Home NL Hold 'Em Poker Question

A bunch of guys in my neighborhood started a poker night and we recently had our 3rd meeting. We started out playing a lot of “dealer’s choice” games with one Hold 'Em tournament, but have migrated to strictly Hold 'Em tournaments.

We have re-buys for the first 2 out, escalate blinds on a schedule, have a pay-out for the top 3 places, and have a decent game. The problem is that guys end up sitting out as the tournament progresses and it gets boring for them to watch.

Any recommendations for how to run a better home NL Hold’em tourney? Is there a way to switch to NL non-tourney (i.e., a sash game) without making it a very unfriendly game? Most everyone is against switching to limit HE.

You’re part of this new generation that wants to play poker without any risk. . .buy into your “tournament” with $5 and play it out. Lather. Rinse. Repeat. It’s a terrible way to run a “Thursday Night Poker” game. Like you said, people wind up sitting out more than they’re playing poker.

For starters, no-limit cash games are fun, and there’s no reason that they should be “unfriendly”. If you’re concerned about your neighbor, or your friend losing their $20, then you’re just not going to have a good poker game.

We used to play a lot of pot-limit in my game. We’d play with small blinds, .10-.20. But recognize that you might be forced to push in $5 on a hand if it gets to that point. Pots can be $1.00, $1.50 before the flop.

If you want to do that, make sure you’re up on the structure (e.g., if there’s a dollar in the pot, and you bet the dollar, I’m allowed to raise $3 – the value of the pot after my “call”).

Make sure you’re clear on table stakes, and that people have their cash prominently displayed.

I had a similar issue with my home games, here’s how I solved it:

Instead of running one tournament in the evening with a $20 buyin (for example), run several with $5 buyins (and no re-buying). Low stakes and the knowledge that there will be another game after this one tend to make people more aggressive which leads to shorter tournaments (and hence people sitting out for shorter periods).

What we eventually ended up doing was keeping a ‘tab’ for the evening (5 buyins -1 first place and 2 3rds = up $5 at the end of the night for example).

This has the added benefit of tending to minimize losses and keeping the game fun and light (we’re actually good card players, a few of my crew make liveable money playing internet poker, but between ourselves we’re strictly for beers and laughs)

This should work in the case of 1 table’s worth of games (8 people or so). if you have 2+ tables going you may have to find another solution. I recommend against cash games as they have a tendency to escalate into unpleasantness a little too easily, plus peer pressure can (even unwittingly) cause people to dip a little deeper into the wallet than might be sensible for them.

PL with small .10-.20 blinds may be a good solution. None of us are worried about losing $20, as the “bring with you amount” is $60. However, NL with higher stakes could get ugly very quick.

Yeah, that’s a good game.

NL and PL really can get pretty close to each other. You’d be surprised at how infrequently some really pushes in $50, or something, in a NL cash game at those stakes.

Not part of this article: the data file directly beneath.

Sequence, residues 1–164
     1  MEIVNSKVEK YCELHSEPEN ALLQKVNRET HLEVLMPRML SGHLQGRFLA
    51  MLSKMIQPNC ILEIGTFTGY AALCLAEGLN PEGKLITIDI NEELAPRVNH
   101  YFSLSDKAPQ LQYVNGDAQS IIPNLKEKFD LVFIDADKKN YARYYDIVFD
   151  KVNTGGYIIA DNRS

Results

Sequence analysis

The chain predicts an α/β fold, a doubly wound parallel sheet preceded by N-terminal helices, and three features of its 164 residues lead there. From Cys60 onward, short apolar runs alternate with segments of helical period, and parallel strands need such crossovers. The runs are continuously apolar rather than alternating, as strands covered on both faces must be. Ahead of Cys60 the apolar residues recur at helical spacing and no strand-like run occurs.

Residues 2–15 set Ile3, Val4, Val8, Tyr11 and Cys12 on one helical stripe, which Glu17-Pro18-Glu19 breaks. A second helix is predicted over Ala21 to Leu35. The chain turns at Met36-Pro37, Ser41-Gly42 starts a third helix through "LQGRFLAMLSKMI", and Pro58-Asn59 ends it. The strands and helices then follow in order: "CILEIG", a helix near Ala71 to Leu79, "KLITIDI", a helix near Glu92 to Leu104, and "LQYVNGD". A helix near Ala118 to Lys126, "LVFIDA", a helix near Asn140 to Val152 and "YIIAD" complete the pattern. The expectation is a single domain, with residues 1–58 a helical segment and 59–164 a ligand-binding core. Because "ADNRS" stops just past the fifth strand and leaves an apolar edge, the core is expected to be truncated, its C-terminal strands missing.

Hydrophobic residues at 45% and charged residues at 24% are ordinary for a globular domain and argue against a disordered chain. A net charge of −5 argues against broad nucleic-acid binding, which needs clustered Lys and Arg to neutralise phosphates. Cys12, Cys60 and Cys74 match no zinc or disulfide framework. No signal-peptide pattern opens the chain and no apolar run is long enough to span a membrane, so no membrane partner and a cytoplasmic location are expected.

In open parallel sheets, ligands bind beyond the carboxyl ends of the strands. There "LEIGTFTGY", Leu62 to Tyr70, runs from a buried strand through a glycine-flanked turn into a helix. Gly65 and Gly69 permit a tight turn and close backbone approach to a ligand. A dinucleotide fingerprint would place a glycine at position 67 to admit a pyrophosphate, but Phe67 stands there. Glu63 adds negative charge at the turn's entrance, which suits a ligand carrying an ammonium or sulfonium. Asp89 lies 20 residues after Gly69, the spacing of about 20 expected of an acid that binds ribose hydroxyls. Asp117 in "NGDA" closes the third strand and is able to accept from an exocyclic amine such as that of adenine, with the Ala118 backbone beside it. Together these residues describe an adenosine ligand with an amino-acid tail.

And, surprised at how quickly .10-.20 PL can turn into firing $10 bets at each other.

It’s at least worth trying out if you’re looking for something fun. I think that PL poker (particulary Omaha, and Hold Em) is the best way to play.

If you had two tables, the people who go out early could start their own dealer’s choice table.

  1. Make the game a $25 buy-in NL game, so that if they bust that they can buy back in as many times as they feel comfortable.

  2. Have the losers start a cash game after they are booted from the tourney.

  3. Buy an XBox 360 and create a ‘loser’s lounge’ for those who are out to entertain themselves.

We play a NL HE cash game. We have tried to have “gentleman betting”, where we didn’t raise more than $5 to $8 at the most (the buy-in was $40). The problems happen when the sizes of the bets don’t get people to fold, so more and more suck outs occur. That really aggravates people, and the gentleman’s agreement goes right out the window.

When we played dealer’s choice games, we would let people who had lost $40 play hands for free. If they won the hand, then they were eligible for half of the pot, with the other half going to the next best hand. However, that causes hard feelings, too.

Another problem with gentlemen’s agreements is that some people push them both ways, betting $1 here and there when they have a good hand when you are used to .50 max raising, or claiming that the standard gentlemen’s raise was a quarter when you want to be 50 and are doing pretty good that day, both of which have happened to me.

As you’ve discovered, gentleman’s betting won’t work in what is supposed to be a NL cash game. If people are worried about losing their $40 buy-in, you need to start with a smaller buy-in (say $10); with rebuys, you may end up with close to the same amount of money in play and players that get to play more and a chance to win back their money from the suckouts.

That’s exactly what we did when we had poker nights.

This is the key. Have a TV in the room with a game on. Have a dart board ready. Have a X-Box at the ready. Anything that can keep people entertained. Also, get a cheap live game started.

Another thing we did at mine (in order to keep people from stomping out pissed off) was that after each person was knocked out, they had to deal until THEY knocked someone out. This works well at a live game. If someone went bust they could deal for “tips” until they had enough to buy back in.